The millions of Americans who risk cancer every day by breathing in toxic pollution belched out by oil refineries could soon be breathing a little bit easier.

The EPA proposed overdue new rules on Thursday that would force about 150 refineries in 30 states to rein in their air pollution, and to do a better job of monitoring it. Here’s the Natural Resources Defense Council’s John Walke with an overview of the proposal:

EPA has proposed for the first time to require fenceline monitoring for carcinogenic benzene emissions around each refinery. Because much of the air pollution from refineries does not come directly from the emission stacks, a great deal of this air pollution escapes detection—and control—through leaks, flares and other emission sources. …

Along with landmark fenceline monitoring provisions, EPA has also proposed to require increased flare management at facilities. Refineries often flare off excess waste gases, leading to huge emissions of toxic air pollutants. The new standards proposed by EPA will require refineries to manage their flares at a much higher level of burn-off efficiency than they do currently, which will mean that much less toxic pollution makes it into the air. …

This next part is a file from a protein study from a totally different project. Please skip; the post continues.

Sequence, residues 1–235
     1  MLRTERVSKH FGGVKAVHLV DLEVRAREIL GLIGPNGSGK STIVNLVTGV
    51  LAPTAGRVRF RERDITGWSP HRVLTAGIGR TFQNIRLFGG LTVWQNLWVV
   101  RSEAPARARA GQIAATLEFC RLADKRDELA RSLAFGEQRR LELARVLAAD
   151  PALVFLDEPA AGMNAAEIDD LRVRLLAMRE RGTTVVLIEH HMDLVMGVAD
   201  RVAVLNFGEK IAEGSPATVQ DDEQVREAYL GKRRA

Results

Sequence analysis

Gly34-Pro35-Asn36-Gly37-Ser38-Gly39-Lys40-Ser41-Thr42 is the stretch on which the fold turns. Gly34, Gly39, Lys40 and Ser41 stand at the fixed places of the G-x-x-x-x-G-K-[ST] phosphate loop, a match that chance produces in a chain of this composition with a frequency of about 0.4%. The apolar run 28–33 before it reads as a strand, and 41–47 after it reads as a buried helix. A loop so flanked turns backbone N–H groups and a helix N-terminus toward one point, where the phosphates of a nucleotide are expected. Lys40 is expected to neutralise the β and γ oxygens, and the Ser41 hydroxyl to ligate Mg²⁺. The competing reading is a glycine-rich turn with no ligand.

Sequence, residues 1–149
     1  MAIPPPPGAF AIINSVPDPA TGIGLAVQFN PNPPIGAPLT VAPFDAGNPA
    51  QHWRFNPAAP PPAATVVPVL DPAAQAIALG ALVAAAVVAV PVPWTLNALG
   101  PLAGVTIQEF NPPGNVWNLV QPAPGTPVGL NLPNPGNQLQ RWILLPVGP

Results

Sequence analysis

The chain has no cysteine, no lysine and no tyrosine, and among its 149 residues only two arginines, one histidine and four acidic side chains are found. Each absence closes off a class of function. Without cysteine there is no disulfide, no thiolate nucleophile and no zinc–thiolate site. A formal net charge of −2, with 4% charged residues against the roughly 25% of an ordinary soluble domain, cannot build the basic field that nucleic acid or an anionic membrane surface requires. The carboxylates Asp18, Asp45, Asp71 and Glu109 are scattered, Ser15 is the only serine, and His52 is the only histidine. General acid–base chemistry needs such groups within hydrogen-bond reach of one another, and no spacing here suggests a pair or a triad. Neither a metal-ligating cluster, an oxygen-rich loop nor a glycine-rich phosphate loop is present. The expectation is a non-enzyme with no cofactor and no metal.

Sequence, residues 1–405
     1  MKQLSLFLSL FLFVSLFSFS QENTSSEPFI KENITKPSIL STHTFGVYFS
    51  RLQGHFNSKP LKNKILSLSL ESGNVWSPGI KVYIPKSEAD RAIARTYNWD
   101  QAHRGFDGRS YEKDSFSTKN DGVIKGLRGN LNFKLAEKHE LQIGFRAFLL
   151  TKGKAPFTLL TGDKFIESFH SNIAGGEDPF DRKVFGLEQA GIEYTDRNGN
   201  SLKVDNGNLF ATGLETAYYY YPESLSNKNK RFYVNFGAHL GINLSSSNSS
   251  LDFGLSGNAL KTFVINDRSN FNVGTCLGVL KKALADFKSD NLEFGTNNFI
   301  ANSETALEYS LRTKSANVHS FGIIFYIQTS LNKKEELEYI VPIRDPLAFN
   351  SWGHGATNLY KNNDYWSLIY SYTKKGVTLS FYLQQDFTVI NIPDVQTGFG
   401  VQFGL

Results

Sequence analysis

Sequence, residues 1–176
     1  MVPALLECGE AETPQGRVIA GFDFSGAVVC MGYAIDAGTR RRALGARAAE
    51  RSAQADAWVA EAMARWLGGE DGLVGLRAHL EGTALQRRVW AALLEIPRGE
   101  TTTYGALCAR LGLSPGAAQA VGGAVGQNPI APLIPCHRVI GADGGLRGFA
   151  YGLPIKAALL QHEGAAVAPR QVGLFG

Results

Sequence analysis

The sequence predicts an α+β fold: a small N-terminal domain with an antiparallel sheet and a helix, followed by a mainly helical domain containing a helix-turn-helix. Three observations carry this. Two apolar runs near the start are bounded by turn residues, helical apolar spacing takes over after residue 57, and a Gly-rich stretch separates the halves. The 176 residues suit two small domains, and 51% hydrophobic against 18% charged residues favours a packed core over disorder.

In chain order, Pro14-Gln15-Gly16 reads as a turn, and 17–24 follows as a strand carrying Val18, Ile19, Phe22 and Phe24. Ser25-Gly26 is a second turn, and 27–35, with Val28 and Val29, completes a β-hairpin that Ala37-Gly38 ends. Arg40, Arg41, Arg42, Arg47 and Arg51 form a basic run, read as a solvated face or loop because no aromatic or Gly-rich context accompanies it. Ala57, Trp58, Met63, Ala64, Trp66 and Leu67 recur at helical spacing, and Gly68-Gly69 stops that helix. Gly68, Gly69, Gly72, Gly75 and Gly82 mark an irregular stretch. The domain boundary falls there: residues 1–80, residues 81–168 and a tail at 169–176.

Finally, EPA is also proposing new emission standards for cokers located at refineries. Cokers are part of the refining process, but they involve heating up the petroleum and hydrocarbons to high temperatures, producing large amounts of toxic air pollution. The proposed coker standards will reduce toxic air pollution by 1,800 tons per year alone.

The EPA estimates that its proposed changes would reduce toxic air pollution, including emissions of benzene, toluene, and xylene, by 5,600 tons per year. Volatile organic compound emissions would be cut by more than 50,000 tons per year, and greenhouse gas pollution levels would also fall.

Which is great. It’s just a shame that Earthjustice and other environmentalists had to sue the agency two years ago to force it to produce its first proposed update to refinery rules in well over a decade.